THE MIDDLE EAST
Russia to Proceed With Reactor
TEHRAN -- Russia yesterday brushed aside strong U.S. criticism and said it had agreed with Iran to speed up the building of an $800 million nuclear reactor and to consider constructing another.
The United States, which has branded Iran part of an "axis of evil" for allegedly developing weapons of mass destruction, fiercely opposes Tehran's nuclear program. But Russia's atomic energy minister, Alexander Rumyantsev, said Washington had failed to show that Iran had broken any international regulations.
"We always tell our American colleagues that all Iran-Russia cooperation is in accordance with international regulations and the resolutions of the International Atomic Energy Agency," Rumyantsev said at a news conference.
Moscow's participation in the project to build a nuclear reactor near the southwestern port of Bushehr had depended on Iranian assurances that all spent fuel would be returned to Russia, a demand advanced by U.S. experts.
Iran insists the Bushehr reactor is for purely civilian power production.
Castro Recovering After Infection
HAVANA -- Out of public view for more than a week, President Fidel Castro told Cubans in a published letter that he is recovering from a serious infection caused by a bug bite to his left leg.
"I am fine, dear compatriots, and I feel more optimistic than ever about the future of the Revolution," the 76-year-old leader wrote in the letter, entitled "Chronicle of Repose" and published on the front page of the Communist Party daily Granma.
The letter was the first public word about Castro's current illness since Saturday, when he excused himself from a session of the National Assembly, Cuba's unicameral parliament, saying doctors had ordered him to rest following an unspecified injury in his leg.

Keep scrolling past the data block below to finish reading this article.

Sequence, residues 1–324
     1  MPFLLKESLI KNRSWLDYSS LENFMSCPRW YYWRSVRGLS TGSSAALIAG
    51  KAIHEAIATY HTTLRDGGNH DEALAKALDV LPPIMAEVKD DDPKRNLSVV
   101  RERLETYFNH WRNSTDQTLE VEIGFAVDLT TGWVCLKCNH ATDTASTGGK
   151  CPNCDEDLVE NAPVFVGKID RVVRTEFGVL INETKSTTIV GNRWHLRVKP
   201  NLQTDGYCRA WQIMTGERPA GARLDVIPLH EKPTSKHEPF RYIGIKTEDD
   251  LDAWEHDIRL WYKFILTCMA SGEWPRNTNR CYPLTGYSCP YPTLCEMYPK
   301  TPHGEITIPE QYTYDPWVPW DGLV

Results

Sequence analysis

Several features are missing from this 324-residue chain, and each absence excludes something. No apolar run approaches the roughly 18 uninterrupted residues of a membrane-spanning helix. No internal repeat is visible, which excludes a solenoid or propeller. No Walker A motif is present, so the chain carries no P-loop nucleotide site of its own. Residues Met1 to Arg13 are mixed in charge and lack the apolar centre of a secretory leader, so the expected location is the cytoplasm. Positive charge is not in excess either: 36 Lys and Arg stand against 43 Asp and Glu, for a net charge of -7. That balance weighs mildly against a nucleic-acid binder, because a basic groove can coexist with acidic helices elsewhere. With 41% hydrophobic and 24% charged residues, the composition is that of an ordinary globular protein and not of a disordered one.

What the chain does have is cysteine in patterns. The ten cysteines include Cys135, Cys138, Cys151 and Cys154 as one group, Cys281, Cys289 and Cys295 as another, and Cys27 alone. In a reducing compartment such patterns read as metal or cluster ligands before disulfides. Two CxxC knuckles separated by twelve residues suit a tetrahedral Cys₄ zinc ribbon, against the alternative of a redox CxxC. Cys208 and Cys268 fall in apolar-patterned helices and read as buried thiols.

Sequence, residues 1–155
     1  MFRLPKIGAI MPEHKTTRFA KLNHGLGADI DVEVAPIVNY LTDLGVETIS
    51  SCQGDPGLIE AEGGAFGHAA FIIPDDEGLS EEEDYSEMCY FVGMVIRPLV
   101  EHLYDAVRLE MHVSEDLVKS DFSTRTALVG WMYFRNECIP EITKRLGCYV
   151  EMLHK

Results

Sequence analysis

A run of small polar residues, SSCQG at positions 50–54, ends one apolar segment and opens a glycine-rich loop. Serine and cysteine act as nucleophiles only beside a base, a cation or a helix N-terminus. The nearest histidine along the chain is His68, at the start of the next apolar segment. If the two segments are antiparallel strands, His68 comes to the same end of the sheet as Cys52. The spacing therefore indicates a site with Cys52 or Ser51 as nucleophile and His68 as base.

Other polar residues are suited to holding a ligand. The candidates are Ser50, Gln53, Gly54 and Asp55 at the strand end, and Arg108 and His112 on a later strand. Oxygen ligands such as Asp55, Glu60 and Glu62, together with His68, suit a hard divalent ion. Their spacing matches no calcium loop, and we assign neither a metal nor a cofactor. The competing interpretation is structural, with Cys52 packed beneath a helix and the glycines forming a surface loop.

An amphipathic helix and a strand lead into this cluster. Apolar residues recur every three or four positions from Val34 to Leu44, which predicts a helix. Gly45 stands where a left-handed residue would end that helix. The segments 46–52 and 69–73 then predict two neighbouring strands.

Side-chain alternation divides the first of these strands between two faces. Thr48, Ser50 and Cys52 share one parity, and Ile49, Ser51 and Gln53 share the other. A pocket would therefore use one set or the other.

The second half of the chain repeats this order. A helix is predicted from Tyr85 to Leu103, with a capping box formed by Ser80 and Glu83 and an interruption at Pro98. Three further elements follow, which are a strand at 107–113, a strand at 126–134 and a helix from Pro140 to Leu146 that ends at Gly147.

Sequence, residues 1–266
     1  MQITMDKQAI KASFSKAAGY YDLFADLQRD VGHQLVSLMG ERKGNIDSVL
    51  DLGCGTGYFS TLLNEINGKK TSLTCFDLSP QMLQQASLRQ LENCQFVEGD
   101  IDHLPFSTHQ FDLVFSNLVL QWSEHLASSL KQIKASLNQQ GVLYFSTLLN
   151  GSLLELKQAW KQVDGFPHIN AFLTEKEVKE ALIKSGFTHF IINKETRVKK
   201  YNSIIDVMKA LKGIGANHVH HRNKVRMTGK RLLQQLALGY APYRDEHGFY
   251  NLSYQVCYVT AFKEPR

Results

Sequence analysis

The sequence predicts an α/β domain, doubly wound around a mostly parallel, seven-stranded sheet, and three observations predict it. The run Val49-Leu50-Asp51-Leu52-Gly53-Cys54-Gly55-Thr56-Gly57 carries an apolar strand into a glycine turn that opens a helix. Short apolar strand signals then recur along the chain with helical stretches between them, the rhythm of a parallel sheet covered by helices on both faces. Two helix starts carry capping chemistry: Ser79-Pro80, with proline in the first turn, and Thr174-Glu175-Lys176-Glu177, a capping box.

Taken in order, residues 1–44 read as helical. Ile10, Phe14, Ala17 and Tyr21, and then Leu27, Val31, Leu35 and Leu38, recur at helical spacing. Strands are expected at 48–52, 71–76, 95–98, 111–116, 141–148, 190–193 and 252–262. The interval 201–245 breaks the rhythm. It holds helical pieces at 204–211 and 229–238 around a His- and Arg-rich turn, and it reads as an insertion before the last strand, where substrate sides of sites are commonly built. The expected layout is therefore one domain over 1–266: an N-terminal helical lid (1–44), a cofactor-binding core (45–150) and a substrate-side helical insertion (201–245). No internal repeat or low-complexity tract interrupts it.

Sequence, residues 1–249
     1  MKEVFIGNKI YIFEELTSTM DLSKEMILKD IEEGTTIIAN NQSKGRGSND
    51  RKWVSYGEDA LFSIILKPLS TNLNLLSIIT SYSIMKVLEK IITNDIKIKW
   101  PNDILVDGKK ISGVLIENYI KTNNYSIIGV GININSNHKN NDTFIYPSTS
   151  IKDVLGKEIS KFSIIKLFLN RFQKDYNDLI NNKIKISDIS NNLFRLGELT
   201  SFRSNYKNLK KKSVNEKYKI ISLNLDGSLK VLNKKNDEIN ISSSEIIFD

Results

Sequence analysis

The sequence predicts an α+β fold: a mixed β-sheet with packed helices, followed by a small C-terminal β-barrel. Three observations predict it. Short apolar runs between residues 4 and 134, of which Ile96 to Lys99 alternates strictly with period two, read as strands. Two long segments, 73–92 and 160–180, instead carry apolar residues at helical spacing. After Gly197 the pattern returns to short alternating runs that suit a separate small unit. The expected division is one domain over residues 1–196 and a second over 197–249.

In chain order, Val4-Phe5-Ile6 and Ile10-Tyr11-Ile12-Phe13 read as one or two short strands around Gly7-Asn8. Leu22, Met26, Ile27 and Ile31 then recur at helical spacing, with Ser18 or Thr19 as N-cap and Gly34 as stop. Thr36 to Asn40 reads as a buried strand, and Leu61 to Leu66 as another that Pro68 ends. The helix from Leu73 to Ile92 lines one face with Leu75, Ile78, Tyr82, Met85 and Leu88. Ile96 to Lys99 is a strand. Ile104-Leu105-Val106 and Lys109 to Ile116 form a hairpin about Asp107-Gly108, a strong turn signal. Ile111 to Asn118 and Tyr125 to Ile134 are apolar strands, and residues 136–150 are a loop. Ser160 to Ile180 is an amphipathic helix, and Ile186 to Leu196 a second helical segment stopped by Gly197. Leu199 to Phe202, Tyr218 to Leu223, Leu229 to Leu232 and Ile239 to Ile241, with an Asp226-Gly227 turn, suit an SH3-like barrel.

Castro, who has ruled Cuba for nearly 44 years, said in the letter that doctors informed him that he had a staphylococcus infection and ordered more cold compresses, antibiotics and bed rest.
"It was my duty to protect my beloved left leg," he wrote.
Pope Pleads Against Iraq War
VATICAN CITY -- War must and can be avoided even in a world made fearful by terrorism, Pope John Paul II insisted in a Christmas message that stepped up the Vatican's campaign against a war in Iraq.
"May humanity accept the Christmas message of peace," he said.
Thousands of tourists and pilgrims stood in a light drizzle at St. Peter's Square to hear the ailing pontiff deliver his annual Christmas Day message, "Urbi et Orbi," Latin for "to the city and to the world."
The 82-year-old pontiff's voice sometimes trembled and he often slurred his words as he spoke from the central steps of St. Peter's Basilica.
"From the cave of Bethlehem there rises today an urgent appeal to the world not to yield to mistrust, suspicion and discouragement, even though the tragic reality of terrorism feeds uncertainties and fears," the pope said.